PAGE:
Sleepwalking is a common form of parasomnia (a category of sleep disorders that involve abnormal behaviours during sleep) affecting both children and adults. It occurs when the affected person arises out of the slow-wave sleep cycle and performs actions commonly associated with being awake, without fully regaining consciousness. While the most obvious symptom is walking around while still sleeping, there are many actions that can take place while the person is unaware of committing them.
The individual can simply sit up awake in bed, act out inappropriate behaviours like urinating in the closet, they may lash out verbally or with violence, some people eat while sleepwalking, or in extreme cases get behind the wheel of a car and drive long distances. The person’s eyes are usually open and glassy, and if spoken to they may respond slowly or not at all. The sleepwalker may have some memory of what happened, but most of the time they have no recollection at all of what they did while asleep. Sleepwalking is more common in children then adults, and can present itself in children as early as 3 years-old.
Sleepwalking occurs within an hour or two of falling asleep during the deep phase of sleep. We sleep in 90-100 minute sleep cycles, which consist of 4 stages of sleep. We complete 5 to 6 cycles of sleep per night, and sleepwalking tends to occur during the first or second sleep cycle during stage 3 of sleep, this is the transitional period between active and quiet sleep where you become less responsive to noises and activities around you.
Depending on age there are several reasons why sleepwalking occurs. Genetics play a role, and if there is a history of sleepwalking in your family there is a 10 percent chance that your child may experience episodes of sleepwalking as well. Sleepwalking can be a very normal occurrence in a child’s typically developing sleep patterns and it’s usually nothing to worry about. If your child suffers from sleep apnea or is a chronic bed wetter, there is a higher chance they could sleepwalk. The following triggers could also cause the disorder:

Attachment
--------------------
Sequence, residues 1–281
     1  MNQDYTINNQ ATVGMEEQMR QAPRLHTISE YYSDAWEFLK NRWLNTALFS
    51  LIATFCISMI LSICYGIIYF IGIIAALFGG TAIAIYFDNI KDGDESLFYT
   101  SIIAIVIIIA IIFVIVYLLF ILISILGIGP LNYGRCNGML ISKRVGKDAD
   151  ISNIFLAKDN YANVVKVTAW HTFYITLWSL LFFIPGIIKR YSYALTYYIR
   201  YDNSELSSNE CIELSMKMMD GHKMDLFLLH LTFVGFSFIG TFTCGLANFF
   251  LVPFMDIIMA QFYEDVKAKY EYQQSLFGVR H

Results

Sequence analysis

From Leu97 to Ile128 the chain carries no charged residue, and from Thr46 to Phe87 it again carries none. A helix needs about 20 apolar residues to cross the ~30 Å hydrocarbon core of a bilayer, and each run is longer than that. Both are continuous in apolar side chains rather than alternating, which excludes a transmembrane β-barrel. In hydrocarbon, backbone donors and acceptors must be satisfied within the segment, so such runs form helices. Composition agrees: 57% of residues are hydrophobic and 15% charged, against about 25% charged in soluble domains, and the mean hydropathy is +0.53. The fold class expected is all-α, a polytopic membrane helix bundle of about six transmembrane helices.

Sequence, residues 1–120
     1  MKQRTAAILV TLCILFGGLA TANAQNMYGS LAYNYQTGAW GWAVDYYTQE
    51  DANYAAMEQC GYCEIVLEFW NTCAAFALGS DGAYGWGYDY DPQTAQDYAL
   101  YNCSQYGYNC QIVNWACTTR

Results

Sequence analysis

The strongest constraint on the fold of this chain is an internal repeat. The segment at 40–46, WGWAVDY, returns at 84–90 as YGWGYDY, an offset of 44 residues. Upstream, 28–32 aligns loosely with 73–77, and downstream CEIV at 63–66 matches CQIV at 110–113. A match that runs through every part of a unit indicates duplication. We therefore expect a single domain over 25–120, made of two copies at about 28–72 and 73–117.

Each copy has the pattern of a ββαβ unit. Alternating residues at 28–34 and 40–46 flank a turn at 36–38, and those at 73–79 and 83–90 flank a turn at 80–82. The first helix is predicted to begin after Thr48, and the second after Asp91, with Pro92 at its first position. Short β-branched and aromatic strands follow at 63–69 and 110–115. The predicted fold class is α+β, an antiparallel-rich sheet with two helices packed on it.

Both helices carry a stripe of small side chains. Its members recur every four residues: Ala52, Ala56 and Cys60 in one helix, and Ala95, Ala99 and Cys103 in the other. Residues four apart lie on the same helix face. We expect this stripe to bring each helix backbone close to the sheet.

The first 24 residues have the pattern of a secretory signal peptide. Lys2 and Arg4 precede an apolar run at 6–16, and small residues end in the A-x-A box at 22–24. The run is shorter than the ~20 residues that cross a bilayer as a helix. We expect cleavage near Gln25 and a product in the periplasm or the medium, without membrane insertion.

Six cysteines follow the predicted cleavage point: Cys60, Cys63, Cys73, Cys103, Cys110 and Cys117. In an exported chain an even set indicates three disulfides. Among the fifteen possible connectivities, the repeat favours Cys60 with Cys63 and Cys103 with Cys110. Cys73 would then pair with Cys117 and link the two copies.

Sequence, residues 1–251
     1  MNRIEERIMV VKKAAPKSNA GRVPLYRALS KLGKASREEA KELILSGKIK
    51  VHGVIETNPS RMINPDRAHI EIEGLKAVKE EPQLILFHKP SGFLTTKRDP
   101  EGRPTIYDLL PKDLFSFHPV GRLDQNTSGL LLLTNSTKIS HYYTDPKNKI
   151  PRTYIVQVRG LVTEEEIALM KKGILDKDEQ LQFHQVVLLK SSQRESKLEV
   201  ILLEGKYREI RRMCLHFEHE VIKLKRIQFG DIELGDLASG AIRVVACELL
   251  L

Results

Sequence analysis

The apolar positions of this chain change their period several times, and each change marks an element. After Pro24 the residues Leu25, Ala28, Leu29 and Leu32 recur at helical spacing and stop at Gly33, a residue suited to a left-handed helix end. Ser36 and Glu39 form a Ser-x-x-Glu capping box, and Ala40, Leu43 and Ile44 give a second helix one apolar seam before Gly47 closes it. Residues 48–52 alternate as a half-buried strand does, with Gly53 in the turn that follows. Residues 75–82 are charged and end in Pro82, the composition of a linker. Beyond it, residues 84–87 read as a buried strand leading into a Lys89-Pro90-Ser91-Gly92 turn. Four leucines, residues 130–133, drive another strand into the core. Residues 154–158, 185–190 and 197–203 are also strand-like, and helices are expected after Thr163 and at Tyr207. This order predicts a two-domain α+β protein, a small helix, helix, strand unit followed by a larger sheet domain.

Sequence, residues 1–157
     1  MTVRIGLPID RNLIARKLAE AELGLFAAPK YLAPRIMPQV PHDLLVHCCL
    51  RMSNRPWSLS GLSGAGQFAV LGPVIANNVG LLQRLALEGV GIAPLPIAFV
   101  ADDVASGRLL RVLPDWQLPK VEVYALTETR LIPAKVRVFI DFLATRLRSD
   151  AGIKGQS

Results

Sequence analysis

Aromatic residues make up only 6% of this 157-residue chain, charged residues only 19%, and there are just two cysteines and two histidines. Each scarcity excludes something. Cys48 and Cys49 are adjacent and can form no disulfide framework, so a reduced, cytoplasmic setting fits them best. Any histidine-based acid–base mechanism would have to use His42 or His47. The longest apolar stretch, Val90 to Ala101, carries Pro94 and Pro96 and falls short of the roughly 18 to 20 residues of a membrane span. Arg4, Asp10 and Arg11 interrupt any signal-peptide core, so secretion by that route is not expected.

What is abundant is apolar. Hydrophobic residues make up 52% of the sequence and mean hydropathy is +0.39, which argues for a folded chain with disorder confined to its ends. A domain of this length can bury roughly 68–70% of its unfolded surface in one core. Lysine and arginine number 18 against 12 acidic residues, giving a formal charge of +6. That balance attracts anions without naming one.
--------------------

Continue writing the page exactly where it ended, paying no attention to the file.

Typically children grow out of sleepwalking, but if you are concerned about yourself or a family member sleepwalking it’s best to talk to your doctor. Sleepwalking is a common occurrence and generally there is no cause for medical or emotional concern but it’s always best to speak to a professional for possible further tests on yourself or your child.
While there is no treatment for sleepwalking there are steps parents can take for themselves and their child. A family’s best bet to avoid sleepwalking episodes is to follow proper sleep hygiene within their home:
Most have heard that you should never wake a sleepwalker but you can if necessary. Because they are in such a deep state of sleep they’ll likely appear groggy and disoriented and may not remember anything in the morning. If waking the child or individual is necessary do so calmly and gently or just quietly lead them back to bed.
The disorder itself isn’t dangerous it’s important to make sure that the person suffering this sleep disturbance is safe.
Sleepwalking is most often a phase that is grown out of, but even if it continues into adulthood, it is manageable – often with lifestyle changes or with prescription medications. Melatonin supplements do not help with sleepwalking and can actually be a trigger for sleepwalking.